It’s a literal home movie. It’s a travel diary. It’s a spiritual treatise. It’s a sports documentary. It’s the stitching together of real-life father-son dynamics with after-life metaphysics by means of amateur photography, transcendent cosmic revelations, and dialogue on the order of, “I’m in an IRON MAIDEN of PAIN!” It’s also mostly just guy talking and talking and talking.



It’s SURFER: TEEN CONFRONTS FEAR and it’s the life’s work of writer-director-producer-costar-composer Douglas Burke and it is the single goddamndest God-focused motion picture I’ve ever experienced in a public auditorium and I write that as one of two paying customers (later joined by two drift-ins) who made it though a one-night-only screening last fall of THE TRUMP PROPHECY (2018).


Sage Burke, Douglas Burke’s actual offspring, stars as Surfer. And he is a teen. And he does surf — or, as is the case when the movie begins, he DID surf. Ever since wiping out most un-righteously, we learn, Surfer’s been paralyzed by a fear that keeps him shore-bound. You can guess from there what he’s destined to confront — with the help of a very particular guardian angel.


In a voice-over as he fishes on the beach, Surfer lets us know that his dad has moved on to the Big Luau in the sky. So who could the wheezing, sputtering, red-faced middle-aged man be, then, that suddenly washes up with the tide like a spasming Coney Island Whitefish?


Why, it’s an angel, in the form of character named Father of Surfer (played by Douglas Burke, the actual father of Sage Burke who plays Surfer). How can this be? FOS has a lot of very specific answers. And he shares them all.


Straightaway, Father of Surfer (FOS, for short) erupts into a monologue that lasts for more than half the film’s running time and feels like it’s going on for longer than your entire lifespan and yet, somehow, not one second of it is boring.


To be sure, FOS’s diatribe is spiced up regularly by terribly framed, randomly inserted snapshots of Sage riding waves between ages five and 14. These are the Burke family’s actual private photos. Now they’re ours, too. Forever.


Then at one point, FOS reveals that he’s actually an angel on borrowed time since, to approximate human form, the Almighty zapped him together out of electricity and “squid parts.” Also, in the event Surfer might doubt FOS’s cephalopod origins, he vomits great onslaughts of black ink.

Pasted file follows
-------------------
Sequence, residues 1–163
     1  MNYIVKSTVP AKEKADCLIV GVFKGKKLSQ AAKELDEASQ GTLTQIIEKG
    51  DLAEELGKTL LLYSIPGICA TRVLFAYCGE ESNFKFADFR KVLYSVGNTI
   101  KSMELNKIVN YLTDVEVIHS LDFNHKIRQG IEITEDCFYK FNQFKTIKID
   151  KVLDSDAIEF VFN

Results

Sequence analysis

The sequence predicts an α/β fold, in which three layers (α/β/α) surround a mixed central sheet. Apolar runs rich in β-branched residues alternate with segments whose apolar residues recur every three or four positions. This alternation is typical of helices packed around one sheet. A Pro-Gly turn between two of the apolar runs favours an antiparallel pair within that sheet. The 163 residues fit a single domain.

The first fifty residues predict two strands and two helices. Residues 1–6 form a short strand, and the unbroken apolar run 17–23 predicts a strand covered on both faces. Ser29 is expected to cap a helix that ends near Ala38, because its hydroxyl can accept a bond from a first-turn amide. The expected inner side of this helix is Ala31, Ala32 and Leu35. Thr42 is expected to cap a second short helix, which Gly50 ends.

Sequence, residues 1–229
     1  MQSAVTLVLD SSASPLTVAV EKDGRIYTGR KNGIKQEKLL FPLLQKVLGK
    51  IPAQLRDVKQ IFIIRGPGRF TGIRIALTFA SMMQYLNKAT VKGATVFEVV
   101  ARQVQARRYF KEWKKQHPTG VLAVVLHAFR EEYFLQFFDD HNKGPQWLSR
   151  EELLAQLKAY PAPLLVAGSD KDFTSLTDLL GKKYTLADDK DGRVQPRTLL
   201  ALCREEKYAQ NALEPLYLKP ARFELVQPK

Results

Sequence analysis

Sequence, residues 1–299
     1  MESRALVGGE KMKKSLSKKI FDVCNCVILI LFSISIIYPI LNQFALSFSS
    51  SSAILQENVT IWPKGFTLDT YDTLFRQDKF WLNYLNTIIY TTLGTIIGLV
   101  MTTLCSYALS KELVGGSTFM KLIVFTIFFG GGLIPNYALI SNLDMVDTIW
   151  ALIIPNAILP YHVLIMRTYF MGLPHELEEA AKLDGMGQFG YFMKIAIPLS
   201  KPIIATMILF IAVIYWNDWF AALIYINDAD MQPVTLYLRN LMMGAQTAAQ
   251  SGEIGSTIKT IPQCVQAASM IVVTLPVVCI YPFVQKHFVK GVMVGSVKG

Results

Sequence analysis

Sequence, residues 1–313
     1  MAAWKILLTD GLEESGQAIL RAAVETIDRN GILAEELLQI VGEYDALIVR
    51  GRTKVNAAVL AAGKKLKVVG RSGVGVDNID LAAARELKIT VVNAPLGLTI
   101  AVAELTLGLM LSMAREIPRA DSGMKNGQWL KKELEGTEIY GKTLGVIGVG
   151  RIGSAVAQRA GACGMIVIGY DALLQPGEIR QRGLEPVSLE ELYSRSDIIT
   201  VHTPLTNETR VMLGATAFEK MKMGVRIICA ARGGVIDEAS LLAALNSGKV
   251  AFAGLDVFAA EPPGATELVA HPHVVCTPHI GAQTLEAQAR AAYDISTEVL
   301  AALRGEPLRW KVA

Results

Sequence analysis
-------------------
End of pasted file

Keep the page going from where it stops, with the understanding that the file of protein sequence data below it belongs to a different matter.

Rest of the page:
This jaw-flapping goes on (and on) (and on) (and oonnnn) until the Heavenly Father of Father of Surfer calls his messenger home. The movie could end there and stand as a triumph of the terribleness that remains terribly fun to watch throughout. It goes on, though, and it gets worse which means, given Burke’s anti-genius, it gets better.


FOS has not just instructed Surfer to conquer the entire planet one wave at a time, he directs the teen to track down an old military buddy named Captain Banks Bancroft, MD (Gerald James) and ask the Army doc to foot the bill.


This quest takes Sage to the shittiest armed forces medical building ever approximated by the shittiest CGI backgrounds ever concocted by a broken laptop. It takes him a while to get inside, and we experience every bit of the opposite-of-intrigue he does along the way.


An inexplicable conspiracy proves to be afoot, Banks has a flashback where he meets history’s least qualified looking seaman, and the unexpectedly still living human form of Father of Surfer gets rolled out in a condition that prompts Burke to twitch, groan, and flip-flop-and-flabbergast in a manner that, if presented as a joke, would get him banned from YouTube.


Fortunately, like everything else in SURFER: TEEN CONFRONTS FEAR, Burke, and everyone else, plays every iota of every second absolutely straight, virtually puking out earnestness like it was black ink.


After all that tumult, the Surfer teen does confront his fear, and the final 15 minutes of screen time consists of nothing but camcorder videos following along as he chases waves, shoots curls, and occasionally shows off some groovy yoga moves all over the world.


Remarkably, Burke still manages to work in a surprise ending — or does he? Because after experiencing the passion, the dedication, the boundless enthusiasm, and mesmerizingly cataclysmic incompetence of SURFER: TEEN CONFRONTS FEAR, the only surprise left is why you haven’t quit reading this already and plunged squid-parts first into watching it.







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